As part of our series of webinars to support our clients during the current pandemic, on 11 June 2020 we hosted a webinar looking at the employment issues arising out of re-opening workplaces.
Whilst the COVID-19 crisis is ongoing, businesses are now beginning to re-open workplaces and think about their needs both on a short, medium and longer term basis.
In anticipation of this and in order to continue supporting our clients during this difficult time, we are running a series of webinars to offer practical advice for those now contemplating the next phase of managing their businesses during the current situation.
This was our first session in this series and focused on the employment issues arising out of the re-opening of workplaces. The key takeaway points are set out below:
Risk assessments and implementing safe systems of work
- Follow government advice on when it is appropriate to re-open.
- Anyone that can should remain working from home at present.
- For organisations that are open or are looking to open, health and safety will be key.
- Requirement to carry out a risk assessment in consultation with employees or their representatives, to implement measures to reduce identified risks and to keep under review.
- General government guidance sets out 5 steps to working safely:
- Carry out a COVID-19 risk assessment;
- Develop cleaning, handwashing and hygiene procedures;
- Help people to continue working from home where possible;
- Implement 2 metre social distancing in the workplace;
- Where social distancing is not possible, manage the transmission risk.
- Detailed government guidance for specific business types is available.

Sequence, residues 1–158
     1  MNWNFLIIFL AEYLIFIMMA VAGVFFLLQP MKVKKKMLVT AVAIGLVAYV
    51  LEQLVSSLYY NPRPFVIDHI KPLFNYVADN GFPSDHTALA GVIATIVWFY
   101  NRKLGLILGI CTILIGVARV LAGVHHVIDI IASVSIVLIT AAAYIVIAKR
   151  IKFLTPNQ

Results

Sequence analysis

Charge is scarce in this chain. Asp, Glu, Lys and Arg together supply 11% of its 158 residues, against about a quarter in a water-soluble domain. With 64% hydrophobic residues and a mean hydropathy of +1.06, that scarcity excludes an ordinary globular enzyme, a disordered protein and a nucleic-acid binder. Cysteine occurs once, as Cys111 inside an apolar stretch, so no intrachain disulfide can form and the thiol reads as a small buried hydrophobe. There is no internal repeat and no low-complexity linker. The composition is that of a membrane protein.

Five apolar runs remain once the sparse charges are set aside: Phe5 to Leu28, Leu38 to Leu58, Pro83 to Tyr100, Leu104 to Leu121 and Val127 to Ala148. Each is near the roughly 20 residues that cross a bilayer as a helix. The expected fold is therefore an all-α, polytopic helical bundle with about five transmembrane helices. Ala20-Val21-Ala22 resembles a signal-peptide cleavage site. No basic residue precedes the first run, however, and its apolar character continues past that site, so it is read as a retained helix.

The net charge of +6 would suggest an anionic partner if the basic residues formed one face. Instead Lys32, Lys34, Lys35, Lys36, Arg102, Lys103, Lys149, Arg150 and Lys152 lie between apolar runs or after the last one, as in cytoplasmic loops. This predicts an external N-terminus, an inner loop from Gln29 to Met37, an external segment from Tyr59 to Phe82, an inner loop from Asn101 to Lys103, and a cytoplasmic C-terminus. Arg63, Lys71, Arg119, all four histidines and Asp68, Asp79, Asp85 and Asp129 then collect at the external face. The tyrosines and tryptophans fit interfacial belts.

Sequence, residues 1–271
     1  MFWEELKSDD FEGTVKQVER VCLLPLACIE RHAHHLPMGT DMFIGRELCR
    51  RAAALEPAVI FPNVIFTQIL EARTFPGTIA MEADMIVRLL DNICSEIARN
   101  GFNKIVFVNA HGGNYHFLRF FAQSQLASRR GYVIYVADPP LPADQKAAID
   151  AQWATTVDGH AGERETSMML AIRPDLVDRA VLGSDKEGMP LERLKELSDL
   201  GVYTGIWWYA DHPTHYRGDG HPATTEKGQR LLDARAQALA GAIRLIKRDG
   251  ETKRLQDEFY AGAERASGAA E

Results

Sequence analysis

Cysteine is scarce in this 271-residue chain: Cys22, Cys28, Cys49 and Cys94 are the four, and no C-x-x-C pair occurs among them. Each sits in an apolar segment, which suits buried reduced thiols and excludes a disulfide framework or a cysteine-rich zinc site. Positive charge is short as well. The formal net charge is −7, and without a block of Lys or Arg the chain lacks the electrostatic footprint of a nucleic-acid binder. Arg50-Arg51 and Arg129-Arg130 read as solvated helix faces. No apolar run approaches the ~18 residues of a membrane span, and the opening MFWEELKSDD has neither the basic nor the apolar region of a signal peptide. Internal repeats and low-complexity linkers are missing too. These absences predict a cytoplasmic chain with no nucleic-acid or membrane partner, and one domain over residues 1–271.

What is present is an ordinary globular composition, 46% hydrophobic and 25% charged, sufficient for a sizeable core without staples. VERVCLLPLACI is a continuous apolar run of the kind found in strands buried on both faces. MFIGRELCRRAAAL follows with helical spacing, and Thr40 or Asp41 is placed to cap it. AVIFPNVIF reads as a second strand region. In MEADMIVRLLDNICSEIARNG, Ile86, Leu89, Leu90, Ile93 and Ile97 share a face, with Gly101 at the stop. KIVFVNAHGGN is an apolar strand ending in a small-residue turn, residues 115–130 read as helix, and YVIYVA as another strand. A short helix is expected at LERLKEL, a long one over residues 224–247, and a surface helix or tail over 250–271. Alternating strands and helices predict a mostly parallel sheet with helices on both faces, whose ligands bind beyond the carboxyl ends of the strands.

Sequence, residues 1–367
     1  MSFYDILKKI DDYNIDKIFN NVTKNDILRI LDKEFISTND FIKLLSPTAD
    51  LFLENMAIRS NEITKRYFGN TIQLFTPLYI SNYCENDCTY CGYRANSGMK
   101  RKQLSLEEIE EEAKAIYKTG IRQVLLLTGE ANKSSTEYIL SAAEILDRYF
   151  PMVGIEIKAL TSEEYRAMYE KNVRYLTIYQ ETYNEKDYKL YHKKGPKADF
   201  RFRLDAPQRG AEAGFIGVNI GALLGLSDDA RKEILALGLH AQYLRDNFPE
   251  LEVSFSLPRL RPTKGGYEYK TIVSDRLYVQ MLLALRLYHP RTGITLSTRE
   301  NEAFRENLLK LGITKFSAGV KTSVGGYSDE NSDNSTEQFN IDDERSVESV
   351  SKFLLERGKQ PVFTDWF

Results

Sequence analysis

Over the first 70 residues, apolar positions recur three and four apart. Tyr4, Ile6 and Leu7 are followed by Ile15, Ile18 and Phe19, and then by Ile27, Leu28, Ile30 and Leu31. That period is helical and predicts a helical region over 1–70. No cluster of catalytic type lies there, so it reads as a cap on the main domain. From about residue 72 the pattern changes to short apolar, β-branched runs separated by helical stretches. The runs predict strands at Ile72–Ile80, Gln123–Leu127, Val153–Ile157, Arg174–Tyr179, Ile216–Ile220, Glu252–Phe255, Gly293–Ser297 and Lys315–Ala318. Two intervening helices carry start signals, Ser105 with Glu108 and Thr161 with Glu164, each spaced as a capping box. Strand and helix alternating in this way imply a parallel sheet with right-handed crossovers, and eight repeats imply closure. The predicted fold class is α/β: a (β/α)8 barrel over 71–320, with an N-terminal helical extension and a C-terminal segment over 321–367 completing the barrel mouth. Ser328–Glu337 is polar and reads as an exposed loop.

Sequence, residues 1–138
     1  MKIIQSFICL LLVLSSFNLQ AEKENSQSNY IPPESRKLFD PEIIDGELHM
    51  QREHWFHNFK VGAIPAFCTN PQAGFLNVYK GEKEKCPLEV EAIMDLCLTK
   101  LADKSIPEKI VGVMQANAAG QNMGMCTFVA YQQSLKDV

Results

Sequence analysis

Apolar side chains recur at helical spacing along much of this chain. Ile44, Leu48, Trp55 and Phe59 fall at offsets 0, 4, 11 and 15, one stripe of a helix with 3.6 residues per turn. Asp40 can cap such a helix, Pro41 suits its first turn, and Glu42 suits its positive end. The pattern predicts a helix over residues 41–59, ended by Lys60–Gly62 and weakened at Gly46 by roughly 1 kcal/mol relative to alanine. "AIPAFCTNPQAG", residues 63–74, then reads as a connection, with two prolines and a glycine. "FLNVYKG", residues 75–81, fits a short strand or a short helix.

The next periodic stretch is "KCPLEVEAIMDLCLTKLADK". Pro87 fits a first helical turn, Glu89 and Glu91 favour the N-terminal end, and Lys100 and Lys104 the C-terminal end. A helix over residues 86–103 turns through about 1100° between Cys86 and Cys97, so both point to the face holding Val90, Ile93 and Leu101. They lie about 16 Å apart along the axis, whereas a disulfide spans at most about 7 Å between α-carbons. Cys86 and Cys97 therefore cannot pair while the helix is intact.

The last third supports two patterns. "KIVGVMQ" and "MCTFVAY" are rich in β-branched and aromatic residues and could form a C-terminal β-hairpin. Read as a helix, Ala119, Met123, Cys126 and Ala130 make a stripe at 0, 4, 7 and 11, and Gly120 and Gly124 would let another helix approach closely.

Testing in the workplace
- Testing is possible to complement an overall plan to minimise the transmission risk.
- Health information will be special categories information under the GDPR. Businesses will need to carry out a Data Protection Impact Assessment prior to implementing testing and will need to adhere to the data protection principles.
- The ICO has published detailed guidance on carrying out testing in the workplace.
- The NHS are putting a Test and Trace service in place and employers are asked to support employees who have been told to self-isolate via the service.
- The government has prepared guidance for employers on the Test and Trace service.
- From 8 June, individuals returning from overseas are required to self-isolate for 14 days.
Handing different employees reactions to the prospect of returning
- When asking employees to return, employers should follow any previously agreed process or, if there is no such process, reasonable notice should given.
- When selecting employees to return, ensure that fair and non-discriminatory criteria are used.
- If an employee refuses to return to work without good reason, this could be an unreasonable refusal to follow a management instruction leading to disciplinary action.
- However, special consideration needs to be given to those employees who are vulnerable, shielding, have childcare issues or are pregnant.
The future for homeworking
- Employers may well see an increase in flexible working requests from employees wanting to work from home on a permanent basis.
- Employers can refuse such requests where one of the 8 business reasons applies, but these may be harder to demonstrate now that homeworking has become the norm.
- Employers may wish to increase homeworking in order to reduce office overheads. Setting employees up as homeworkers requires careful consideration.
We will be running a separate session on homeworking to look at this area in more detail.